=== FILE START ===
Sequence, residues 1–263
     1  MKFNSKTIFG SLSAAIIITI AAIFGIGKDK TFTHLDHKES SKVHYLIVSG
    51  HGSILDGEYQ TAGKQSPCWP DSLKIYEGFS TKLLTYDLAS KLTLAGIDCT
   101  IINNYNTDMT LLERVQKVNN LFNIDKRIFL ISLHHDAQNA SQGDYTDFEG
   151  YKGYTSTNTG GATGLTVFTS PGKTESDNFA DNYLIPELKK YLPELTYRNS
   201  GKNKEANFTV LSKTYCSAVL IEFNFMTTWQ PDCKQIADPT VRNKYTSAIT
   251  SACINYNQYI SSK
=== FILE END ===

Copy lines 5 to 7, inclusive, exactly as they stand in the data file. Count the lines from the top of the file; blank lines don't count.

   151  YKGYTSTNTG GATGLTVFTS PGKTESDNFA DNYLIPELKK YLPELTYRNS
   201  GKNKEANFTV LSKTYCSAVL IEFNFMTTWQ PDCKQIADPT VRNKYTSAIT
   251  SACINYNQYI SSK